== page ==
We were watching Inside The Factory on BBC iPlayer (watching Gregg Wallace amble around a production line is a guilty pleasure). They were explaining the popularity of oysters in Britain in the nineteenth century and their subsequent decline. The event that really sparked that decline was a banquet at Winchester in 1902, where guests became ill with typhoid and four people died, including the Dean of Winchester Cathedral. What really caught my attention was the source of the oysters – Emsworth in Hampshire.
Emsworth is a pretty little town just five minutes up the road from where I work. It’s quite pretty, with a nice harbour and some good walking routes into the nearby countryside. There are also some particularly good pubs and restaurants. This dark past suddenly made sense. One of those pubs, the Blue Bell Inn, teamed up with a Portsmouth brewery, Staggeringly Good, to make an Oyster Stout called Bishop Slayer.
Some of the proceeds from the beer go to project called the Solent Oyster Restoration Project, which is slowly reintroducing oysters to the Solent (as you might guess from the name). Before the early twentieth century oyster scare and more recent pollution, the Solent was europe’s biggest oyster growing region and the aim is to make it so again – with a goal of five million oyster in five years. Whatever your thoughts are on the subject of fish and beer, that has to be a good outcome.
Iggy Pop has recently been presenting a show on BBC Radio 6. He’s actually been doing this for a few months now, but I listen to the radio so little nowadays that I’ve only noticed this week. He’s got a very eclectic taste in music (in a good way) and his shows are well worth listening to. The most recent at time of writing – “Here Come The Germans” – has a great mix of classic krautrock like La Dusseldorf, more recent stuff like Rammstein and older tunes from Bertolt Brecht. There’s even some Wagner in there. They can be found, on the BBC website at http://www.bbc.co.uk/programmes/b03yblbx. He is also soon to deliver the John Peel Lecture
Anyway … I also happened to stumble upon a short piece of writing by Iggy on the importance of Edward Gibbon to his life and outlook. It’s short and pretty succinct, but well worth spending thirty seconds or so reading. The point that particularly resonated with me was number 2:
“I learn much about the way our society really works, because the system-origins – military, religious, political, colonial, agricultural, financial – are all there to be scrutinized in their infancy. I have gained perspective.”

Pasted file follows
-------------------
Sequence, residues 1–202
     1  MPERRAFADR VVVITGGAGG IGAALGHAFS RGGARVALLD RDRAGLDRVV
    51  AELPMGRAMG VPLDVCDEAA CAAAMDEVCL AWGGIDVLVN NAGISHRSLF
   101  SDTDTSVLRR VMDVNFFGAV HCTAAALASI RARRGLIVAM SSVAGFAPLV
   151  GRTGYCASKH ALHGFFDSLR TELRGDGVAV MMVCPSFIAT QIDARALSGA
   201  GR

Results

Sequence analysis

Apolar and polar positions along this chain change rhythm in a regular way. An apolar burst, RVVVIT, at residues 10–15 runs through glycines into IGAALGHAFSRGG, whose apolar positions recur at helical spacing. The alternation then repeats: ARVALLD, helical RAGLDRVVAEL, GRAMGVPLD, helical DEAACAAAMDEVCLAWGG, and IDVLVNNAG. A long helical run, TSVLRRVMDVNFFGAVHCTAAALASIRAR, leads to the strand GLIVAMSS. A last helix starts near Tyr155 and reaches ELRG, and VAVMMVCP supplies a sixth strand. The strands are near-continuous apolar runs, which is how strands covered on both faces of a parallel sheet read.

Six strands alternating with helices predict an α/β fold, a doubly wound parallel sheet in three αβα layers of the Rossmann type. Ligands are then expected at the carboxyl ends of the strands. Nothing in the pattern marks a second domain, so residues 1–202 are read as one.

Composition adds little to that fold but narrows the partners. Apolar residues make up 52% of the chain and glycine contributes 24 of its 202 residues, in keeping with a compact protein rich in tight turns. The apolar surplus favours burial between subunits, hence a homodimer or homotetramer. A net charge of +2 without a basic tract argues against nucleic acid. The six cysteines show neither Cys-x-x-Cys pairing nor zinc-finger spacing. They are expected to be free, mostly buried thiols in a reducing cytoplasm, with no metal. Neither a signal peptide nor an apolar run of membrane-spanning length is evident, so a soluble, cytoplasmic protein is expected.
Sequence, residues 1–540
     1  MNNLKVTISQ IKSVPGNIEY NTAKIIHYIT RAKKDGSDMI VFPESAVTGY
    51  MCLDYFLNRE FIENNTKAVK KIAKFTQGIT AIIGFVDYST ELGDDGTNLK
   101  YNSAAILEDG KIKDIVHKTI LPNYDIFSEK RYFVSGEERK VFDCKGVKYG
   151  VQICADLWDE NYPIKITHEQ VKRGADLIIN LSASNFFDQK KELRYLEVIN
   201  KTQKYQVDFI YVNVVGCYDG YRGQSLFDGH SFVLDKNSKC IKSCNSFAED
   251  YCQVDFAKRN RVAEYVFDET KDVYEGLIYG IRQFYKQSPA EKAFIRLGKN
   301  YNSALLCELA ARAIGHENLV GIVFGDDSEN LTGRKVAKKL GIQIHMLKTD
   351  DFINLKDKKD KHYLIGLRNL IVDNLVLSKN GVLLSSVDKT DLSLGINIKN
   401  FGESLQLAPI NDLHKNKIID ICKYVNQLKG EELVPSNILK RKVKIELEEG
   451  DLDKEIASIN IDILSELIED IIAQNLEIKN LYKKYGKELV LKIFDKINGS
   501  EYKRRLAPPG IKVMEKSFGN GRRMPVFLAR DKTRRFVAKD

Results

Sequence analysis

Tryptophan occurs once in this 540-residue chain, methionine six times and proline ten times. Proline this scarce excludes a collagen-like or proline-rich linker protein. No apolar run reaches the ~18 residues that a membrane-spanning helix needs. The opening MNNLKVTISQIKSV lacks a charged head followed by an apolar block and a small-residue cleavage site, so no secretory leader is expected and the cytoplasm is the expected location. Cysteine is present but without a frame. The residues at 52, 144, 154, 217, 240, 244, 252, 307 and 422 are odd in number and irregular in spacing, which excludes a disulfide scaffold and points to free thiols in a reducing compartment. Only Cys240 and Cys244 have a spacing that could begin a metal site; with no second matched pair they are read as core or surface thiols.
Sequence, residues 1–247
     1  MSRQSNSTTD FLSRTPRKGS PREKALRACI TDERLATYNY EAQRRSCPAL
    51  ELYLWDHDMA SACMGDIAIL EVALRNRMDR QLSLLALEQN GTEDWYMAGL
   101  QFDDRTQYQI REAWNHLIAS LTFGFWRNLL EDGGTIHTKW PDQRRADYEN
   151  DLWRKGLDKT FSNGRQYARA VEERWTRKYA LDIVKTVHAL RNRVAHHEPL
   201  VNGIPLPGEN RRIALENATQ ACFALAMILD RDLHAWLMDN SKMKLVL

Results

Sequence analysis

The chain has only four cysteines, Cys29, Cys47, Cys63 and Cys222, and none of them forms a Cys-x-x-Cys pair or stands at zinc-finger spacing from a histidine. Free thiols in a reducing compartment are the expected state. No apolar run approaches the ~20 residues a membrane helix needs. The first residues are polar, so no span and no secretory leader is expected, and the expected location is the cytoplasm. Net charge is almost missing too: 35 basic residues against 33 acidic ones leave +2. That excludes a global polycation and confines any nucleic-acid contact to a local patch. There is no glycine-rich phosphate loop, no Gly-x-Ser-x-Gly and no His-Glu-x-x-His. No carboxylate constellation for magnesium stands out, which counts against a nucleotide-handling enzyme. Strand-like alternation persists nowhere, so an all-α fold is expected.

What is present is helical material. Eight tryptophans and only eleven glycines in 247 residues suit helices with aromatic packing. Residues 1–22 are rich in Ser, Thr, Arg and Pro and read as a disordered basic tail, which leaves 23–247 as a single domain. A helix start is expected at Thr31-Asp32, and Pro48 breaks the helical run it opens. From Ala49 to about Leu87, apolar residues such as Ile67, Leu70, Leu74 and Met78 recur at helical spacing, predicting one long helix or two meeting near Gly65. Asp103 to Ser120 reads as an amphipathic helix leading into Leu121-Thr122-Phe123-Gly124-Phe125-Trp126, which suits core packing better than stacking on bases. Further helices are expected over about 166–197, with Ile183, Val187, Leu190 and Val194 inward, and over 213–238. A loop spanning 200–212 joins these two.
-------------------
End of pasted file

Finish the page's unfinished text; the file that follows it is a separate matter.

It’s one of the things I enjoy most about history (not just Rome, but it does stand out as shining examples of this), the way one can see the modern world built up on what had been before – slowly adding complexity, correcting the mistakes, often making more mistakes in the process. As well as his show on BBC, Iggy is soon to deliver John Peel Lecture on the concept of free music in a capitalist society. I’m not sure if he’ll take much from Gibbon on that one, but I am sure that it’ll be an interesting talk nonetheless.
I’ll leave this post with his final comment: one that would be a good tagline for a history blog,
“I urge anyone who wants life on earth to really come alive for them to enjoy the beautiful ancestral ancient world.”
I recently read Science & Islam by Ehsan Masood, designed to accompany a BBC television series, and decided to put out a post on it. To spoil things up front, I found the book disappointing but the topic fascinating so I began writing a huge essay on it. So huge in fact that I’ve decided to split it into a number of posts. This first one will give a general history and my thoughts on the book itself, and it should be followed by a post or two on the science behind all this (something that I think the book struggled to deal with as much as I would have liked).
The Rise of Islam
When the Arab armies came storming out of the desert into the tired Byzantine and Persian Empires, their initially success was astounding. They soon found themselves in control of a vast empire containing a mix of religions and peoples in which arabs and Islam were a minority. This shift from military expansion to administration provided a set of challenges for the Caliphate to deal with – providing food for the population, minting coins, providing a central administration and building new cities and buildings. This began a boom in science and technology that would last for centuries, but it did not start from scratch – those christians, jews and zoroastrians that had populated the land before would lend their talents to this and techniques would be brought in and translated from outside the reaches of the empire. The universal adoption of the arabic language helped this process, providing easy communication between scholars from distant lands.
Continue reading Post 42: Science & Islam